This was actually not so bad to read-even for a non-Christian. I gave this only two stars, however, because I didn't think that any of the ideas were original. It just sounded like Nouwen took things that I've heard preached at my school and put them into prettier words.
Sep 13, 2015 rated it really liked it
This was a good reflection on the counter-intuitive, counter-cultural nature of Christian leadership. While our culture prizes competence, relevance, prestige and power, the Christian priorities should be love and prayer with humility.
Not a terribly profound message, but very important one.
Sep 15, 2011 rated it it was amazing  ·  review of another edition
Shelves: own
Really good!
Oct 24, 2011 rated it it was ok
Nouwen is an influential writer-and deeply affects many-but we don't connect.
Jeromy Peacock
5 stars = Yearly re-read
4 stars = Re-read eventually
3 stars = Very Good
2 stars = OK
1 stars = Pass on this one.
0 stars = Couldn't finish it.
Mar 14, 2012 rated it it was amazing
Life changing, the most influential book (outside the Bible) I have ever read and may ever read.
Apr 28, 2015 rated it it was amazing  ·  review of another edition
Really good short little book about servant leadership.

Read for CCC
Jul 04, 2017 rated it really liked it
Shelves: pastoring
Highly recommended by the president of Regent college, this book was not a disappointment. A short, simple manuscript of an address by Henri Nouwen at the Center for Human Development in Washington D.C.
He offers three points - which amount to three corrections of our perception of Christian leadership.
Like Jesus in Matthew 4, leaders of today face three temptations. They must resist them and respond to Jesus's words to Peter in John 21. These involve three disciplines.
1.) Resist relevance, love
Jon Robinson
May 16, 2017 rated it really liked it
It's the second time I've read it; the first time was about 12 or 13 years ago. It's a great read. There are a lot of issues regarding Christian leadership that Nouwen doesn't address, wouldn't think to address, or couldn't address given the occasion that framed his lecture or the circumstances in which he normally served.

I think it's best read as an overview of how the general attitude of Christian leadership is given guidance and kept in Christ-centered check. Considering what he set out to d
Tommy Kiedis
Jul 17, 2017 rated it it was amazing
Shelves: leadership
A must-read text for every leader and every aspiring leader. In The Name of Jesus is on my RY list (Read Yearly). It is a great book made better by Nouwen's experiences. "At the top" of the academic pyramid, Nouwen stepped into serve at the L'Arche Communities. He has lived his admonitions. "My own thinking about Christian leadership had been affected by the desire to be relevant, the desire for popularity, and the desire for powerful as ingredients of an effective ministry. The truth, however, ...more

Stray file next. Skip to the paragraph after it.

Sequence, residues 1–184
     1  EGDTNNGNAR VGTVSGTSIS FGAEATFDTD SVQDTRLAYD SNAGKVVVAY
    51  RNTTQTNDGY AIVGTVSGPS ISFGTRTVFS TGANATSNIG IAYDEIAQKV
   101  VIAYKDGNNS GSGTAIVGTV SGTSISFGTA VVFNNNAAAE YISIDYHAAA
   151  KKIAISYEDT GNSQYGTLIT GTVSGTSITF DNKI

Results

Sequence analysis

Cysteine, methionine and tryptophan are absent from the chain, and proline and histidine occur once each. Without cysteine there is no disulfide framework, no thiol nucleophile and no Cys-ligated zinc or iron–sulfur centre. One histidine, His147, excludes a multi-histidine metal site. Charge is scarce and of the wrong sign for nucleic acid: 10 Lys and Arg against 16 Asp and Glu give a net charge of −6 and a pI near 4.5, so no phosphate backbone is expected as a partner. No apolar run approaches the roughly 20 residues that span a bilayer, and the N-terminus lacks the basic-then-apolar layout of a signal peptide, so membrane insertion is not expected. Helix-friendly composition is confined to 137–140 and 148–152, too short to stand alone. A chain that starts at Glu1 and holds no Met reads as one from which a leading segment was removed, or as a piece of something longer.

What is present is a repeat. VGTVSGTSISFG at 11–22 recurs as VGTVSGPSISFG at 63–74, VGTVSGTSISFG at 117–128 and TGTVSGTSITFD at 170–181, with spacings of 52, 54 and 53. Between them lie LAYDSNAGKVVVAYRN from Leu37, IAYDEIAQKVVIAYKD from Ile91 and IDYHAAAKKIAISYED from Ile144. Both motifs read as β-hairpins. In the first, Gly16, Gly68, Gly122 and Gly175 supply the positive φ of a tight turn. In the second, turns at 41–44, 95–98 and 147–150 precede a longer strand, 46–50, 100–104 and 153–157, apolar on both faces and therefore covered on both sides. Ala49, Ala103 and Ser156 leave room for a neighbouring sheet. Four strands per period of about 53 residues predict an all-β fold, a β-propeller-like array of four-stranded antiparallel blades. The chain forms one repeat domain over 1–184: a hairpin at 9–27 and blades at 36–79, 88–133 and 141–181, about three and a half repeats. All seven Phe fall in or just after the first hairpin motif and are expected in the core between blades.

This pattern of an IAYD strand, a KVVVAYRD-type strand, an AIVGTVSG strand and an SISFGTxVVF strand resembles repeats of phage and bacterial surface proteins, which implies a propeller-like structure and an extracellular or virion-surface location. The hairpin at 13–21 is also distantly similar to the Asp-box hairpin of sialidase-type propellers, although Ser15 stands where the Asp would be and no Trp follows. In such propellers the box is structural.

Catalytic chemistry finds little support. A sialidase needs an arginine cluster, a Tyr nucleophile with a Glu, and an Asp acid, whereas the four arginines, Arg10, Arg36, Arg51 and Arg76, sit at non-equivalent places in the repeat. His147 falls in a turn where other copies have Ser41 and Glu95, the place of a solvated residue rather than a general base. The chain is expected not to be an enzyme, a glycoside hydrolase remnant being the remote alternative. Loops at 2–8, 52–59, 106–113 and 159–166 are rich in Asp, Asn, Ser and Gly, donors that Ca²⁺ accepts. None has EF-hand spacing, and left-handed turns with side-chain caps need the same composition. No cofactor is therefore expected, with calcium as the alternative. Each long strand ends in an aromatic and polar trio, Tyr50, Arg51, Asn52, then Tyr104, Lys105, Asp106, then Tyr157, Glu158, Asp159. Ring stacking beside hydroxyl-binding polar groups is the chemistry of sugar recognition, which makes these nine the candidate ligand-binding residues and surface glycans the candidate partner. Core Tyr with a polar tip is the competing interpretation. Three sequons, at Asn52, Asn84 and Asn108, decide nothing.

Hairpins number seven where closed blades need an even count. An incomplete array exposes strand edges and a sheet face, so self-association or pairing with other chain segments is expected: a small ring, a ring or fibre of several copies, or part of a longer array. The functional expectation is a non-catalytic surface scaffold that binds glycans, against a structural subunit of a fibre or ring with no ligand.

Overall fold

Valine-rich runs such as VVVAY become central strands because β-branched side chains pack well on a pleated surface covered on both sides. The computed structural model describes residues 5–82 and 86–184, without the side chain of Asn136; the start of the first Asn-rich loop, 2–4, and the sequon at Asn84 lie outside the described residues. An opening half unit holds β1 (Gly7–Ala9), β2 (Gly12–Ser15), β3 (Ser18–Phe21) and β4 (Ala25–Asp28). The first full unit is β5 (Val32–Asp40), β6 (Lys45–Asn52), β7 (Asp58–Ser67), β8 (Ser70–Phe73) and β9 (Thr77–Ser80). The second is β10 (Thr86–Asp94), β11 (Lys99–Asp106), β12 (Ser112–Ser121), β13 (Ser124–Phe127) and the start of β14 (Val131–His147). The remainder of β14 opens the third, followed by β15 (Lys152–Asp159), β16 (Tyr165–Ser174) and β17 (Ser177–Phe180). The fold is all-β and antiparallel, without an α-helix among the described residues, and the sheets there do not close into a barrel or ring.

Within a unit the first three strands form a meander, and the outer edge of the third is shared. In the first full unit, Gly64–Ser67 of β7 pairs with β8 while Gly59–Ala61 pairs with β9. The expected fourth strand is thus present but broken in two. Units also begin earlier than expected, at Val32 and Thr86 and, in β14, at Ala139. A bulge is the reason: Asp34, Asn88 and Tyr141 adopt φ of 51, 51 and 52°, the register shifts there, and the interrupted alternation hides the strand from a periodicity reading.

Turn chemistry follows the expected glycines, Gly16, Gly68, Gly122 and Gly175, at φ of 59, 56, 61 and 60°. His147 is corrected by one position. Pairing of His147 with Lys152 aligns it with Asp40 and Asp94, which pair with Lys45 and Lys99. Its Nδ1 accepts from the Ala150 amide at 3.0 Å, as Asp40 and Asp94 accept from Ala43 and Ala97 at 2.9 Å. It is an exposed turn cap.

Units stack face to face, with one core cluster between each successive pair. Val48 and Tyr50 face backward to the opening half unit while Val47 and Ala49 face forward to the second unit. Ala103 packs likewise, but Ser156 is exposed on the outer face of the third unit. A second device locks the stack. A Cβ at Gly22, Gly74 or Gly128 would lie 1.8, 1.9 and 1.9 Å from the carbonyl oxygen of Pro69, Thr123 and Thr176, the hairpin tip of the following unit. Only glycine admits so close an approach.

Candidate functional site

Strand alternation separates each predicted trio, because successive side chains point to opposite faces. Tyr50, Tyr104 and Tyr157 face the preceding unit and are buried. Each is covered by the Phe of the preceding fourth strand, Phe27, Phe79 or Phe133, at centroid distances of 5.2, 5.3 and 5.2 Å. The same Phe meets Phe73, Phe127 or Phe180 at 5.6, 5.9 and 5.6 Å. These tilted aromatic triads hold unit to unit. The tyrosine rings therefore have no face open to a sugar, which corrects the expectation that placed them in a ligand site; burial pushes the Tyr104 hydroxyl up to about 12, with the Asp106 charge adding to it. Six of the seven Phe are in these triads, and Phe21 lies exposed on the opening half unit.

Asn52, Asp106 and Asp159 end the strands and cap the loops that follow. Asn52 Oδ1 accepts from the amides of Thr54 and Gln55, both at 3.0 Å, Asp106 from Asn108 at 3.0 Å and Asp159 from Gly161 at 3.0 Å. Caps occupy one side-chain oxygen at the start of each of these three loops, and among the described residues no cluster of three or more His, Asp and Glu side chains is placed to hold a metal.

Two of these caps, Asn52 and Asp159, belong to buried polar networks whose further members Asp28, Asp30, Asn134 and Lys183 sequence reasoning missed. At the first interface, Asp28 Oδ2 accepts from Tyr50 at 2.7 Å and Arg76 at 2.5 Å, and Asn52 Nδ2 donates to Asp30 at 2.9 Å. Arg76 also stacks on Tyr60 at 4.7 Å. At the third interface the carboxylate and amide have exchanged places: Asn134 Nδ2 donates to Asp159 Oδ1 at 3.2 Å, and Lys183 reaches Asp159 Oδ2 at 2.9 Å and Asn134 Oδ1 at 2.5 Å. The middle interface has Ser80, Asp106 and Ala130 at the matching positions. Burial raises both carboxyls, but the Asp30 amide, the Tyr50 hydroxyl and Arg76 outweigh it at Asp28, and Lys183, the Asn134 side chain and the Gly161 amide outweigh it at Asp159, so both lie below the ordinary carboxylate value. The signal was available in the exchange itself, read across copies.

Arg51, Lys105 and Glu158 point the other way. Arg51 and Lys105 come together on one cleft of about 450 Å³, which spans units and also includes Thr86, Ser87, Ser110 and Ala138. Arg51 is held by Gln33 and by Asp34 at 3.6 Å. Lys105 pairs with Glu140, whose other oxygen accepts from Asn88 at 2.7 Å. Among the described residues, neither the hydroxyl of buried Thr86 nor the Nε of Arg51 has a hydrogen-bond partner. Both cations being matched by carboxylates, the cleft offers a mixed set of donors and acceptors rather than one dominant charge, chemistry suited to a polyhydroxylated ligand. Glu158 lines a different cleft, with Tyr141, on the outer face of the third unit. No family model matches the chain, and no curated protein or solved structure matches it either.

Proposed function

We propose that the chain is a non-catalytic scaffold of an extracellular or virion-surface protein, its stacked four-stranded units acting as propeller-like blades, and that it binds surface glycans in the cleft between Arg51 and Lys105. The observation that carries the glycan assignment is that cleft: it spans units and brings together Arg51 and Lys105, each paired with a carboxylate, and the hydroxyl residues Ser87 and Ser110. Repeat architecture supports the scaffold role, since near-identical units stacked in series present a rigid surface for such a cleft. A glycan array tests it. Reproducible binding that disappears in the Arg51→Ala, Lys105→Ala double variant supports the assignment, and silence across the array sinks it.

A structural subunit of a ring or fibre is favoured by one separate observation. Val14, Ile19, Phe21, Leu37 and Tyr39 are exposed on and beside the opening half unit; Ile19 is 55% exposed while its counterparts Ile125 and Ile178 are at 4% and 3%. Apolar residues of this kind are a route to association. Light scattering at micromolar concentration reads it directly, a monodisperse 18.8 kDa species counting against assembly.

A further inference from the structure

Jonathan Latshaw
Aug 29, 2017 rated it did not like it
Overall, I didn't find this book helpful at all, as far as Christian leadership. Although his practical spiritual disciplines (prayer, confession, theological reflection) are helpful for the Christian leader (just as they are helpful for every Christ followers), there were several cringe worthy statements he made.

“Jesus’ first temptation was to be relevant”; “The leaders of the future will be those who dare to claim their irrelevance”; “we have to be mystics”

Furthermore, Nouwen seemed to aband
Sep 04, 2017 rated it it was amazing
A jewel; a must-read for those serving in the name of Christ.

Every time I read a book such as this, one that really seems to explain what we as Christians are supposed to be doing, I think of living in the tension:

Free, but Costly
The Way Up is the Way Down

It's not difficult to understand, it's just hard to do. But, by the grace of God, we get to keep swimming.
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Henri Jozef Machiel Nouwen (Nouen), (1932–1996) was a Dutch-born Catholic priest and writer who authored 40 books on the spiritual life.

Nouwen's books are widely read today by Protestants and Catholics alike. The Wounded Healer, In the Name of Jesus, Clowning in Rome, The Life of the Beloved, and The Way of the Heart are just a few of the more widely recognized titles. After nearly two decades of
More about Henri J.M. Nouwen...

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“The leaders of the future will be those who dare to claim their irrelevance in the contemporary world as a divine vocation...” 32 likes
“The Christian leader of the future is called to be completely irrelevant and to stand in this world with nothing to offer but his or her own vulnerable self.” 15 likes